Pruning Big Stock Gains to Preserve Them

November 2, 2020
David Robinson, CFP

By pruning gains incrementally over time and moving the cash into lower-risk assets, you can preserve gains and thus grow your account values in preparation for retirement.

Anyone who owns stocks has seen their account values rise and fall widely from market volatility, wide fluctuations in company performance, or both.

Thus, the gains in their investment accounts that investors gaze at with great affection can prove evanescent. Vanishing gains can wreak havoc with your retirement planning because, when you need to make withdrawals to pay expenses during retirement, this can mean far less cash in hand than you’d expected. 

Many investors are reluctant to sell shares and take gains periodically because they expect or just hope that shares will continue to rise. Many long-term investors who take a set-it-and-forget-it approach may be slow to notice over-concentrations in some stocks or funds over time, especially if they’ve chosen to have dividends reinvested automatically.

As a result, they may develop severe over-concentrations in stocks or sectors that can render overall portfolios unbalanced. This can mean taking much more equity risk than originally intended, and a lopsided equity allocation relative to bonds.

Instead of 60/40 stocks-to-bonds allocation, they could be 70/30 or 80/20 before they realize it. Then they’re at greater risk from dips in equity values during a decline or, more pronounced, at the onset of a bear market.

The best way to deal with stock concentrations is to prune gains like fruit from an orchard by selling shares and then investing the cash in a lower-risk asset class, such as bonds. This increases the likelihood of growing your portfolio’s value over time because these gains are now exposed to less risk. Your investment principal could be viewed as the tree or bush, and gains as the fruit to be preserved.

The decision of when to sell should be governed by the growth of your position in a stock—the current value versus the value of the shares on the day you purchased them.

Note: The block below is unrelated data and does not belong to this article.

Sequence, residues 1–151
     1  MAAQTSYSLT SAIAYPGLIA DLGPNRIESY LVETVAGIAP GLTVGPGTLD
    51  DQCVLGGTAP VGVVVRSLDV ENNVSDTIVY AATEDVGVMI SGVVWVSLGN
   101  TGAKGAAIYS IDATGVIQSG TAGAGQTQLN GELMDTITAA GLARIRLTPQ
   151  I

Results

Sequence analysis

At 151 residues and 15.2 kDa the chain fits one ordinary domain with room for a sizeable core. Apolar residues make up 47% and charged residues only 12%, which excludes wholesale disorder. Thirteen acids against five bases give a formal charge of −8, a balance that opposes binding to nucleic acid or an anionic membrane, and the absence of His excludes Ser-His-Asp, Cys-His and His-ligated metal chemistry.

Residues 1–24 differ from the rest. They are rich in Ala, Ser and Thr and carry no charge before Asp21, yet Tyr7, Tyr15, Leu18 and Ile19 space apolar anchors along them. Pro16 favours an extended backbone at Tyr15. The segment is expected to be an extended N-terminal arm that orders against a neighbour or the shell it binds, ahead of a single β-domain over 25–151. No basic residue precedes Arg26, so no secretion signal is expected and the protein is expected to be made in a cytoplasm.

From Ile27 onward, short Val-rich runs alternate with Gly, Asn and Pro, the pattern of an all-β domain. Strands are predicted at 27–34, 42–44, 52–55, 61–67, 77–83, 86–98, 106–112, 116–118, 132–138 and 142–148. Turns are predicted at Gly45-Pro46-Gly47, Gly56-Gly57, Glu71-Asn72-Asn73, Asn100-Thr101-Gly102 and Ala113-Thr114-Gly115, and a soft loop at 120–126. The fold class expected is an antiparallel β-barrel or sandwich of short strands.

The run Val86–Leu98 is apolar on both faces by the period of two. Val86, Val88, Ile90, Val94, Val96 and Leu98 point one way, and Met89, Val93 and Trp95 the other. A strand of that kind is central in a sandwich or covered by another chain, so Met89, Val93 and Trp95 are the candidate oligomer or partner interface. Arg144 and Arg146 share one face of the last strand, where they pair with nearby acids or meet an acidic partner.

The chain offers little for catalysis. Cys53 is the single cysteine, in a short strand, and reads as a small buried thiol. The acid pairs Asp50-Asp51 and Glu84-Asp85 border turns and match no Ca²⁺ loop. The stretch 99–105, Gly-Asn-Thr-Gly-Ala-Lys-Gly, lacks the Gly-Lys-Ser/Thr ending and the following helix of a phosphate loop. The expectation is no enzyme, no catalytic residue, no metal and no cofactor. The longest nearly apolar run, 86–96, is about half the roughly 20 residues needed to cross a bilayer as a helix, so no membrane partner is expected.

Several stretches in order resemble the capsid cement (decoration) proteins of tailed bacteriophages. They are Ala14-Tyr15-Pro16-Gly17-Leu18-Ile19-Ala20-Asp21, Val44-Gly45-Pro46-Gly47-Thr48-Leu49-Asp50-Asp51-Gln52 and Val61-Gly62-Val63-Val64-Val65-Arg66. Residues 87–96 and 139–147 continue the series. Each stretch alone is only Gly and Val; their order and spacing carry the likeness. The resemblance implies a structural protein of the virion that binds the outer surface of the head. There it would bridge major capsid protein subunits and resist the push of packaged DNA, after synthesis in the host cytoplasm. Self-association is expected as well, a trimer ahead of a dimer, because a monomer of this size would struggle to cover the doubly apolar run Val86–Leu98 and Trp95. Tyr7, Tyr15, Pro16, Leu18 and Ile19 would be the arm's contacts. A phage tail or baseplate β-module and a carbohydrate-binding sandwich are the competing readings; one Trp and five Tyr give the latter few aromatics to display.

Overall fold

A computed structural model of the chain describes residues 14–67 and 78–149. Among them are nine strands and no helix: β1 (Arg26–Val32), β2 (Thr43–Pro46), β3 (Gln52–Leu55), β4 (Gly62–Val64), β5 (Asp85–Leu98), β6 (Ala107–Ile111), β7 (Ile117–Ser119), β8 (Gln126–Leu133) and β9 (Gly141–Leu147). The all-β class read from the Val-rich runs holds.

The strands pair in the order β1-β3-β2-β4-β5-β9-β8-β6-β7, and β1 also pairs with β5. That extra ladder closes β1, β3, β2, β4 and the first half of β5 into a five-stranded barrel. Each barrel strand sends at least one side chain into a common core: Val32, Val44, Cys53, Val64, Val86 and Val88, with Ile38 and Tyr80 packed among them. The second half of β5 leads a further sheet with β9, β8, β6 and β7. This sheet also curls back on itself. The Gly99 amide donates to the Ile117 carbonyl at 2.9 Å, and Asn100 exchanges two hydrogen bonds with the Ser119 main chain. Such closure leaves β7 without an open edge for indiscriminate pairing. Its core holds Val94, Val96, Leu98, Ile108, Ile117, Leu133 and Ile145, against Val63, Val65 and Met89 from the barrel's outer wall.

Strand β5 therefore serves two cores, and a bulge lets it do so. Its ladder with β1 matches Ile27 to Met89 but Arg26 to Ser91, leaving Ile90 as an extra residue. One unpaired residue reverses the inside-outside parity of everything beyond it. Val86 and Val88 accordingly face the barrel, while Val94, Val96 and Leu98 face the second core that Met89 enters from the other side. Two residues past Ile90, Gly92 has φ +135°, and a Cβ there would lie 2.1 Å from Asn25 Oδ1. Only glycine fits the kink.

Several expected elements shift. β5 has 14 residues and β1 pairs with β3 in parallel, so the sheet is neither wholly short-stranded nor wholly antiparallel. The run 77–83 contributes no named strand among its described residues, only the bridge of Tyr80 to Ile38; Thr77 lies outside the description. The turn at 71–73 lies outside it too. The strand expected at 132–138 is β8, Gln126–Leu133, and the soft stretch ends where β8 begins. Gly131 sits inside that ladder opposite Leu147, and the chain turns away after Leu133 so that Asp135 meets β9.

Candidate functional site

When should you trim? This depends on your intended allocation to stocks as an asset class and to specific sectors and industries. But a good rule of thumb for many investors is to limit a given stock position to 5 percent of your equity portfolio.

If you’re reluctant to sell winners, look at it this way: A well-performing stock can over time deliver these gains again. If it doesn’t—if it loses value—then at least you took the gains when you could.

Pruning gains enables you to:

  • Stay within your asset allocation. Reducing concentrations in individual stocks or sectors and reinvesting gains is a key element of rebalancing, so it’s essential to maintaining your allocation’s original risk-management goals to avoid being overweight in a given industry or sector. Holding too much asset value in any one stock or sector poses more risk.
  • Increase your long-term accumulation of lower-risk assets, relative to your stock holdings, in accordance with a sound asset allocation plan that should call for decreasing equity holdings as you near retirement.
  • Avoid a trap that many retirees fall into: Running short of resources to pay retirement expenses, too many investors are forced to sell once-appreciated shares low after they’re brought down by market volatility, a bear market, or company underperformance

Trimming or altogether eliminating appreciated stock positions can take on urgency when recognizing, from the direction a company is taking, that a company’s shares will soon be headed down. In this scenario, you might be looking not at risk but imminent reality.

Mark Fiedler, CFA, managing partner of Autus Asset Management in Scottsdale, Ariz., puts the decision to trim gains—and even your principal investment—in newly wobbly stocks this way: “To improve or sustain the health of portfolio, it’s oftentimes necessary to sell holdings that have lost their competitive advantage, have deteriorating fundamentals or have made strategic missteps. Any or all of these factors can reduce potential future cash flow and reduce the present value of an investment.”

Of course, the goal is to spot these weaknesses and sell early, rather than after steep declines. This is one advantage of having a qualified advisor managing your investments.

While many investors conscientiously harvest losses at the end of the year to reduce capital gains tax, it may not occur to them to also harvest gains because they don’t want to pay the tax.

Yet assuring that you can pay Uncle Sam is simply a matter of putting some of the gains aside. This is easily done by linking your brokerage account with an online savings account and making transfers. In tax-deferred accounts—such as IRAs—selling doesn’t incur tax for that year if you don’t remove cash from the account. 

By pruning gains incrementally over time and moving the cash into lower-risk assets, you can preserve gains and thus grow your account values in preparation for retirement.

David Robinson, a Certified Financial Planner, is founder/CEO of RTS Private Wealth Management, an SEC-registered firm in Phoenix that provides fiduciary services to help clients achieve their financial goals. His practice focuses on helping wealthy individuals with custom financial plans, using a holistic approach to grow/protect wealth, manage taxes, identify insurance solutions, prepare for retirement and manage estate plans.